Russia oil embargo: EU leaders divided

BRUSSELS-


European Union leaders reached a compromise Monday to impose a partial oil embargo on Russia at a summit focused on helping Ukraine with a long-delayed package of sanctions that was blocked by Hungary.


The watered-down embargo covers only Russian oil brought in by sea, allowing a temporary exemption for imports delivered by pipeline.


EU Council President Charles Michel said on Twitter the agreement covers more than two-thirds of oil imports from Russia, “cutting a huge source of financing for its war machine. Maximum pressure on Russia to end the war.”


The EU had already imposed five previous rounds of sanctions on Russia over its war. It has targeted more than 1,000 people, including Russian President Vladimir Putin and top government officials, as well as pro-Kremlin oligarchs, banks, the coal sector and more.


But the sixth package of measures announced May 4 had been held up by concerns over oil supplies.


Hungary Prime minister Viktor Orban had made clear he could support the new sanctions only if his country’s oil supply security was guaranteed. The landlocked country gets more than 60% of its oil from Russia and depends on crude that comes through the Soviet-era Druzhba pipeline.


THIS IS A BREAKING NEWS UPDATE. AP’s earlier story follows below.


BRUSSELS (AP) – European Union leaders struggled Monday to agree to impose an oil embargo on Russia, as Ukraine’s president urged them to set aside their differences and endorse a long-delayed package of sanctions aimed at piling more economic pressure on Moscow to halt the war.


The EU has already imposed five rounds of sanctions on Russia over its war. It’s targeted more than 1,000 people, including Russian President Vladimir Putin and top government officials, as well as pro-Kremlin oligarchs, banks, the coal sector and more.


But a sixth package of measures, announced on May 4, has been held up by concerns over oil supplies. The EU gets about 40% of its natural gas and 25% of its oil from Russia, and the divisions are embarrassing the 27-nation trading bloc and exposing the limits of its ambitions.


Addressing the EU leaders Monday by video-link in a 10-minute message, Ukrainian President Volodymyr Zelenskyy urged them to end “internal arguments that only prompt Russia to put more and more pressure on the whole of Europe.”


He said the sanctions package must “be agreed on, it needs to be effective, including (on) oil,” so that Moscow “feels the price for what it is doing against Ukraine” and the rest of Europe. Only then, Zelenskyy said, will Russia be forced to “start seeking peace.”


It’s not the first time he has demanded that the EU target Russia’s lucrative energy sector and deprive Moscow of billions of dollars each day in supply payments.


But Hungary is leading a group of EU countries – along with Slovakia, the Czech Republic and Bulgaria – that rely heavily on Russian oil and can’t afford to turn off the pumps. Hungary gets more than 60% of its oil from Russia and 85% of its natural gas.


Hungarian Prime Minister Viktor Orban was adamant on arriving at the two-day summit in Brussels that a deal was not in sight, while Czech Prime Minister Petr Fiala suggested that delaying oil sanctions against Russia could be a solution.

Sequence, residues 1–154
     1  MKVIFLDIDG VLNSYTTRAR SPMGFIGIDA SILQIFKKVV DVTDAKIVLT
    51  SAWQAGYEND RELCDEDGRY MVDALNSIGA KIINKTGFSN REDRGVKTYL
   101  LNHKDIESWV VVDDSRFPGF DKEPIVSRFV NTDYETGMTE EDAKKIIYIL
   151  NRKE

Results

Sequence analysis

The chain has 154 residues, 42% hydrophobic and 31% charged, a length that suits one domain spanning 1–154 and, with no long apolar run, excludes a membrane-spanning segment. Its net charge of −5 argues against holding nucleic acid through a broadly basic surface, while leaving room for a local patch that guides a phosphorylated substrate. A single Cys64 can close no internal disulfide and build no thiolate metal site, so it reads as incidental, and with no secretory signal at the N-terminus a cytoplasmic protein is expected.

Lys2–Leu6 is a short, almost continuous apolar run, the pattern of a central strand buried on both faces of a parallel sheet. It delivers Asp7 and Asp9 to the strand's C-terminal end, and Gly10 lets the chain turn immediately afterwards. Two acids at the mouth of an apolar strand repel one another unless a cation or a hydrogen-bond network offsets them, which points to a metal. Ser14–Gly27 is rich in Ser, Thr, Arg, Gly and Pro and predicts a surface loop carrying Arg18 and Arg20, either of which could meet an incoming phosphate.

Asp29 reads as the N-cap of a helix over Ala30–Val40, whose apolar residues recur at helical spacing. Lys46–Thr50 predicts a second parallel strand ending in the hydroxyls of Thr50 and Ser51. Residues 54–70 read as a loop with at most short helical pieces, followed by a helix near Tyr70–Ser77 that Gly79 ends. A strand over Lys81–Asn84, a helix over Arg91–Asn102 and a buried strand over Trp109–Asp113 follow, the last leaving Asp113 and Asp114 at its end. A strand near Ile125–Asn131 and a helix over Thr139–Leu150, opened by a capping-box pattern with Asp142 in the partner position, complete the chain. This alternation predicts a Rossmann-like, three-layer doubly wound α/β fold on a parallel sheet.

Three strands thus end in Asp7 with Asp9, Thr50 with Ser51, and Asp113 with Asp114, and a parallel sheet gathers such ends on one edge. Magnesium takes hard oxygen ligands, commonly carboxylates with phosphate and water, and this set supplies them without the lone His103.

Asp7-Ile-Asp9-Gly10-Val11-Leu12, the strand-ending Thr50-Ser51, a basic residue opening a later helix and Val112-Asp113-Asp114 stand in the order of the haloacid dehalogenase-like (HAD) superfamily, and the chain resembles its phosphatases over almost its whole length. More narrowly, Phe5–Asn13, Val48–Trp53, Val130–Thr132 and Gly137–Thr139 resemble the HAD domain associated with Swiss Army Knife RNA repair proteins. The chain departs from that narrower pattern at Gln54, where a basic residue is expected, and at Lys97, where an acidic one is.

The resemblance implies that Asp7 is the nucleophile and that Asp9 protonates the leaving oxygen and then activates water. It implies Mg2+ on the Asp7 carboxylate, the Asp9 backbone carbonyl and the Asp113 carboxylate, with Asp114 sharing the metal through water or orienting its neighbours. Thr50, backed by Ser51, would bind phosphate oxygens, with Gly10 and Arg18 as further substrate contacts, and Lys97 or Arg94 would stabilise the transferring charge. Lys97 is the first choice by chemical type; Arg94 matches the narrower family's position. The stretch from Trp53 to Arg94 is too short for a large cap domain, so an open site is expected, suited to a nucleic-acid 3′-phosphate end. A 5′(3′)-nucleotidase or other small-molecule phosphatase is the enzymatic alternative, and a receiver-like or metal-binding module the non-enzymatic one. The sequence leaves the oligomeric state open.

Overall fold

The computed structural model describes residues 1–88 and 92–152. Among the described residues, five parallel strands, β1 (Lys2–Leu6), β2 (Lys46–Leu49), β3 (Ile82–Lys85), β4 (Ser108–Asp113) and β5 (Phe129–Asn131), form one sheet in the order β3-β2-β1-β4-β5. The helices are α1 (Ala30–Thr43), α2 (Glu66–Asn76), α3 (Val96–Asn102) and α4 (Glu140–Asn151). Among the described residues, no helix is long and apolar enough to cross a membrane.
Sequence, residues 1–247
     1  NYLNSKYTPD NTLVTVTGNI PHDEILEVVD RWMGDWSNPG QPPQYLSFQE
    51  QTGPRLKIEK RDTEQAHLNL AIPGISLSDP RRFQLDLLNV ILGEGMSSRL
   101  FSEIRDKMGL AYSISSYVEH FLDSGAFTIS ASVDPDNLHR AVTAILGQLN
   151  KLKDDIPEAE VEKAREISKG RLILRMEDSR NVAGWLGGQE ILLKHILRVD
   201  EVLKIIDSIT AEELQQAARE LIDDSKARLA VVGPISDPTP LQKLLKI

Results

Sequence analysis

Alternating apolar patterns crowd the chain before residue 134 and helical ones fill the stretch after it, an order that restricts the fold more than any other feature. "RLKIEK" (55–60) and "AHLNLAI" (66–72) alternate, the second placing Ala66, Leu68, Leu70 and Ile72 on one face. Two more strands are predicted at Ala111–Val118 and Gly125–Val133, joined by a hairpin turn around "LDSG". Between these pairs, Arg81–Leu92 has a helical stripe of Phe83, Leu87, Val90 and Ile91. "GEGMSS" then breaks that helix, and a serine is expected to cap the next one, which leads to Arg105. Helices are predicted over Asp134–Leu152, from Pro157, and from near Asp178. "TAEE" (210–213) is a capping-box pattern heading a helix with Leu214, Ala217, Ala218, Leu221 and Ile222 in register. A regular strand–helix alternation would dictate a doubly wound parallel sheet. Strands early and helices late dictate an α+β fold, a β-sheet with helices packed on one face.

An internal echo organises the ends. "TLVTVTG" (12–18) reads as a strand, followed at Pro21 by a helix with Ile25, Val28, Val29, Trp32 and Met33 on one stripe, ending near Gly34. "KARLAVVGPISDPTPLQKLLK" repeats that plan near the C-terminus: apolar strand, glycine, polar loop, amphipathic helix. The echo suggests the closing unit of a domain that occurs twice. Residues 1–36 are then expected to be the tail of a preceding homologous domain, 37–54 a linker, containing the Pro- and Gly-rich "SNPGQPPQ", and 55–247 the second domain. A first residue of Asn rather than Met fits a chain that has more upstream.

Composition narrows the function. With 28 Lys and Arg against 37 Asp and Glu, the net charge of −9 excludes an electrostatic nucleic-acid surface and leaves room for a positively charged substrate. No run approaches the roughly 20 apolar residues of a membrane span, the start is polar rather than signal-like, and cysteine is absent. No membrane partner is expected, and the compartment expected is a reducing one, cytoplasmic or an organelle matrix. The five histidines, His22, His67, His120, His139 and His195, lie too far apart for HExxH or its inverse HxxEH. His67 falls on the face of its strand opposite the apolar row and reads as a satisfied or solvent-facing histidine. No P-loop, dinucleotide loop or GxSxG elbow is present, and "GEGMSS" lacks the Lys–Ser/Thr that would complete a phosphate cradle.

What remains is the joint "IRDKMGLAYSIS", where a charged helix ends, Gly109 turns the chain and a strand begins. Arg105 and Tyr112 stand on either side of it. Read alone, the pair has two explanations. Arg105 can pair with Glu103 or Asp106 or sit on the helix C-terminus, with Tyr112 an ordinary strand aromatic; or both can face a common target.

“We’re ready to get rid of our dependence on Russia’s energy sources … but we’re not able to do it in a short term,” Fiala said.


According to several diplomats, leaders will try to reach a deal for an EU embargo on Russian oil brought in by sea by the end of the year that would cover more than two-third of the EU’s oil imports from Russia.


Orban said he could support the new sanctions if Hungary’s oil supply security is guaranteed. Hungary and Slovakia depend on Russian oil that comes through the Soviet-era Druzhba pipeline.


The problem with hitting sea-transported Russian oil is that countries like Belgium, Germany and the Netherlands – which are most reliant on that form – would suffer a surge in oil prices, distorting competition because Hungary would still be purchasing cheaper Russian oil.


Latvian Prime Minister Krisjanis Karins urged his EU counterparts to get over their differences on oil, saying that member countries are “getting a little bogged down in all of the details and we’re forgetting the big picture.”


“It’s only money, and Ukrainians are paying with their lives,” he said. “Only when Russia is defeated can we in Europe feel safe.”


German Chancellor Olaf Scholz was cautiously optimistic. “Everything that I hear makes it sound as if a consensus could be reached and, sooner or later, it will be,” he told reporters.


European Commission President Ursula Von der Leyen all but ruled out a breakthrough at the summit, saying: “my expectations are low that it will be solved in the next 48 hours.”


If adopted, the new sanctions package would also include an asset freeze and travel ban on individuals. Russia’s biggest bank, Sberbank, would be excluded from SWIFT, the major global system for financial transfers. Three big Russian state-owned broadcasters will also be prevented from distributing their content in the EU.


The two-day summit will also focus on continued EU financial support to Ukraine – probably the endorsement of a 9 billion-euro ($9.7 billion) tranche of assistance – and on military help and war crimes investigations.


The issue of food security will be on the table Tuesday, with the leaders set to encourage their governments to speed up work on “solidarity lanes” to help Ukraine export grain and other produce.


Some protesters gathered outside EU buildings Monday before the summit, holding signs like “No to Russian oil and gas.”


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Karel Janicek contributed to this story from Prague.

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